Jordan boasts of a rich history full of diversity, authenticity and different flavours and this is what its tourism tagline “Kingdom of Time” stands for. This latest identity showcases Jordan as a tourist destination and presents its tourism character, aspirations, achievements, and vision. Highlighting Jordan’s allure and its main tourist draws, the campaign stands in line with Jordan Tourism Board’s (JTB) strategic vision of tourism promotion in the Kingdom.
With its eclectic mix of modernity and tradition, the Hashemite Kingdom of Jordan that once captivated ancient travellers, continues to enthral the new generation. It is a unique destination offering breath taking sights, fascinating accommodations, and exquisite cuisine. Whether one is looking for the authentic backpacker experience, or the casual refinement of 5-star service, the Hashemite Kingdom is fit for both the aristocrat and the modest.
The country is home to countless wonders that leave travellers in awe – from the enchanting starkness of Wadi Rum, to the restless city centre of urban Amman, and the majestic ruins of civilizations once forgotten.
Home to nomadic Bedouin tribes, Wadi Rum is a quiet getaway of stars, sand, and sun. Once inhabited by the Nabataeans of prehistoric times, Wadi Rum allows you to get lost in large landscapes and horizon lines.
Amman, the capital of Jordan, is a fascinating city of contrasts – a unique blend of old and new, situated on a hilly area between the desert and the fertile Jordan Valley. In the commercial heart of the city, ultra-modern buildings, hotels, restaurants, art galleries and boutiques rub shoulders comfortably with traditional coffee shops and tiny artisan workshops.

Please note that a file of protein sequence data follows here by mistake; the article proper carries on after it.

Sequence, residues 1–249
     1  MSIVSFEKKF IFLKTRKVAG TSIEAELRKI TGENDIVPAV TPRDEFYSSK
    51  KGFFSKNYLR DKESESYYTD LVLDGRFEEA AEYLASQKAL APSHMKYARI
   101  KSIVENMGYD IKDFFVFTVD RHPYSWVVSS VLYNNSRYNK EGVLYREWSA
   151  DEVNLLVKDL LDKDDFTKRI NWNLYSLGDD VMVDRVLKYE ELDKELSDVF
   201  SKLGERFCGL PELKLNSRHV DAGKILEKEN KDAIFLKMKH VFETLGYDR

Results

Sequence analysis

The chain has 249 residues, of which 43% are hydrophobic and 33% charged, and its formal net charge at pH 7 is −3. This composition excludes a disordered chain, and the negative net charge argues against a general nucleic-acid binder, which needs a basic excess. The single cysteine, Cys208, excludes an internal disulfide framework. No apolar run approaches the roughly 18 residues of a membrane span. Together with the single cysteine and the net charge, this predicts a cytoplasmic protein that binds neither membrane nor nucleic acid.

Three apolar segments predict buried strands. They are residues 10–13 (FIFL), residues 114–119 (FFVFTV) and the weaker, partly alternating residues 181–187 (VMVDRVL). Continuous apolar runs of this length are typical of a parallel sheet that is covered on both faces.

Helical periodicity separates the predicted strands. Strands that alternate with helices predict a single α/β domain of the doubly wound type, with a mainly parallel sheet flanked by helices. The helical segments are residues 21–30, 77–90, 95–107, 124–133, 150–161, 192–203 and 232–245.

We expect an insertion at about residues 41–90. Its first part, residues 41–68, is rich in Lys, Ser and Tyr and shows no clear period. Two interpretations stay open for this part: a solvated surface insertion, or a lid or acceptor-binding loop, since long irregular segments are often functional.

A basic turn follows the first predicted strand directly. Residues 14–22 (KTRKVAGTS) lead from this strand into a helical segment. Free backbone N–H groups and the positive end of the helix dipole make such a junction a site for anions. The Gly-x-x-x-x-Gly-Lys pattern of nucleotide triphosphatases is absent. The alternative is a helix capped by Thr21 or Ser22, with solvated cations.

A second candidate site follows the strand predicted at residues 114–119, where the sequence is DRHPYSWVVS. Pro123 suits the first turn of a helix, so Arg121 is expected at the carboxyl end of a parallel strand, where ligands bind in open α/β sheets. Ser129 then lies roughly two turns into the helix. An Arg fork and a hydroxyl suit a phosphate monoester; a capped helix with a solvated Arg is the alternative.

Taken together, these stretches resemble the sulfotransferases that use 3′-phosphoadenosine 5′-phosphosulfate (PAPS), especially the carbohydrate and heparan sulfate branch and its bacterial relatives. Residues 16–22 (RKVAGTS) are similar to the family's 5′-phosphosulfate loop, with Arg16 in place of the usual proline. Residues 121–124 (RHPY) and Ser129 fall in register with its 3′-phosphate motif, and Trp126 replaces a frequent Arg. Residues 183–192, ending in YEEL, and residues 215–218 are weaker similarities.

A spectacular natural wonder, the Dead Sea is located 427 meters below sea level and is perfect for wellness and religious tourism, and for some fun in the sun with the family. With its mix of beach living and religious history, you can soak up the sun while Biblical scholars can get their daily dose of religious history.
The ancient city of Petra is one of Jordan’s national treasures and by far its best known tourist attraction. Petra is the legacy of the Nabataeans, an industrious Arab people who settled in southern Jordan more than 2,000 years ago. Admired then for its refined culture, massive architecture and ingenious complex of dams and water channels, Petra is a UNESCO World Heritages Site and one of the new Seven Wonders of the World.
Hidden for centuries in sand before being excavated and restored over the past 70 years, Jerash reveals a fine example of the grand, formal provincial Roman urbanism that is found throughout the Middle East, comprising paved and colonnaded streets, soaring hilltop temples, grand theatres, spacious public squares and plazas, baths, fountains and city walls pierced by towers and gates.